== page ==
Featured Post

Healthcare Customer Satisfaction: More Talk AND More Action

Healthcare Customer Satisfaction: More Talk AND More Action Customer satisfaction (Voice of the customer) is a recurrent th...

Wednesday, September 1, 2010

Publication of Laboratory Quality Literature

I did a "Pub Med" search (see http://www.ncbi.nlm.nih.gov/pubmed) today to see what I could find about recent publication of articles of interest to the laboratory qualitologist.  Using a search of (Medical Laboratory OR Clinical Laboratory) AND (Quality Management) AND (English language) AND 2010-to-date, I came up with 140 articles. 
A few observations.  The variety of articles present was broad and involved accreditation, proficiency, utilization, medical information systems, ECG reading interpretations, quality cost, and quality control articles, plus, plus plus.  So there is a RICH load of Quality literature.  A quick glimpse of the journals in which the manuscripts were found was equally rich and varied.  There were 4 articles in one journal, but otherwise on a quick examination I didn't find any other duplications.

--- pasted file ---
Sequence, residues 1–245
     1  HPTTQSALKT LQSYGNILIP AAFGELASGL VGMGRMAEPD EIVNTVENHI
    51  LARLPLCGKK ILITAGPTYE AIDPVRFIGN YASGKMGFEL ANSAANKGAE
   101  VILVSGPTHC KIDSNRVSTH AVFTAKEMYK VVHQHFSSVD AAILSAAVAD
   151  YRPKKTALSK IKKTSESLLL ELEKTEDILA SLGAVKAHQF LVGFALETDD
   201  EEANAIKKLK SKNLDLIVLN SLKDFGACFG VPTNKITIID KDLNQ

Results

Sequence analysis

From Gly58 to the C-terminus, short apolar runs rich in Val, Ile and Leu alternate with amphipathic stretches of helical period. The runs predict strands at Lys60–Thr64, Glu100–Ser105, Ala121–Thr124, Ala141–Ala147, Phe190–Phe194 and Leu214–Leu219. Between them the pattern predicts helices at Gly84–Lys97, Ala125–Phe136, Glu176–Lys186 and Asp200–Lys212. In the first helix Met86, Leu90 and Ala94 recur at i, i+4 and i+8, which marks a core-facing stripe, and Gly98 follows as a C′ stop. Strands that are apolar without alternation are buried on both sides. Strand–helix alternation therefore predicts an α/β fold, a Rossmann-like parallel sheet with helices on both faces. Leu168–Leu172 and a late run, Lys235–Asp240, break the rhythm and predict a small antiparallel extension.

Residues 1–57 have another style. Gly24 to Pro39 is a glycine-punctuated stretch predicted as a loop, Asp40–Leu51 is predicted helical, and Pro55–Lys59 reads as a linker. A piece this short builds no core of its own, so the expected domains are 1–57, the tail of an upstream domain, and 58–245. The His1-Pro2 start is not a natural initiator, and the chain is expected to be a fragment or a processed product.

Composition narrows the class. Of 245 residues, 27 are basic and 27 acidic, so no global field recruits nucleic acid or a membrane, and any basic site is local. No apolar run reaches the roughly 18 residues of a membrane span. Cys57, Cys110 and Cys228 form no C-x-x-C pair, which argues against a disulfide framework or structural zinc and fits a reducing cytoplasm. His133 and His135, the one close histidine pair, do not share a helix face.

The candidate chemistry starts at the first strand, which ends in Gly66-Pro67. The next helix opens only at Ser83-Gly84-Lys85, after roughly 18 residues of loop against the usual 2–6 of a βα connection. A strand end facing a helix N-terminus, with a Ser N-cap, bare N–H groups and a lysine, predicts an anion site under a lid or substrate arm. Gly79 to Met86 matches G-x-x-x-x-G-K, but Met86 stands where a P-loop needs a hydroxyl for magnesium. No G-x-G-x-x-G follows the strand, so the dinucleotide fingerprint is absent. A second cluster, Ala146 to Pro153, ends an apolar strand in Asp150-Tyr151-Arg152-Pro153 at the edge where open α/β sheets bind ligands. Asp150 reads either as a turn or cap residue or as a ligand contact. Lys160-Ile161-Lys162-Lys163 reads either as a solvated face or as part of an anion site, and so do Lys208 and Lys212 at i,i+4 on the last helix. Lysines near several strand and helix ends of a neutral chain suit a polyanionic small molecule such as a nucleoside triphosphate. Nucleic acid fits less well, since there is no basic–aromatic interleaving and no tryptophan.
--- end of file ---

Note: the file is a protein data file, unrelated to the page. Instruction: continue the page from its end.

So it is fair to say that many of us are interested in publishing, and there are lots of journals that are interested in receiving and publishing our manuscripts.
So this is all good.

But let me temper this with some of the darker side.  My access to Pub Med gives me University free  access to full articles, but even with this I could get access to only about 40 percent of the manuscripts.  Access to many manuscripts cost $40 dollars or more.  Having access to an abstract only is rarely of value. 
So while there is lots available, we still have challenges in getting access to all this valuable information.

I don't have a solution, at least not one that would satisfy many copyright lawyers, but one possible solution would be for blog folks or web-sites to provide access to people that want to precis manuscripts that they find interesting and valuable, giving all the appropriate credit where credit is due. 

It is a new world we live in and many of the old rules for communication are being challenged.  This is a good thing.

m

No comments:

Post a Comment